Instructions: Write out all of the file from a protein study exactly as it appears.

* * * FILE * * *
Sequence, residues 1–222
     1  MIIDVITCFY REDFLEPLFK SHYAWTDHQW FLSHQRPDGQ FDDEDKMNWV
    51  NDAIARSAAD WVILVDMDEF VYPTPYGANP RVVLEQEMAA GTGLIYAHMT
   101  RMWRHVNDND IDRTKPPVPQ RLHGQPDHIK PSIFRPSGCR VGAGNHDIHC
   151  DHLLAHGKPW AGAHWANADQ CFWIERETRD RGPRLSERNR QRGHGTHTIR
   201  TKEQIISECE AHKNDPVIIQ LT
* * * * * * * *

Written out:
Sequence, residues 1–222
     1  MIIDVITCFY REDFLEPLFK SHYAWTDHQW FLSHQRPDGQ FDDEDKMNWV
    51  NDAIARSAAD WVILVDMDEF VYPTPYGANP RVVLEQEMAA GTGLIYAHMT
   101  RMWRHVNDND IDRTKPPVPQ RLHGQPDHIK PSIFRPSGCR VGAGNHDIHC
   151  DHLLAHGKPW AGAHWANADQ CFWIERETRD RGPRLSERNR QRGHGTHTIR
   201  TKEQIISECE AHKNDPVIIQ LT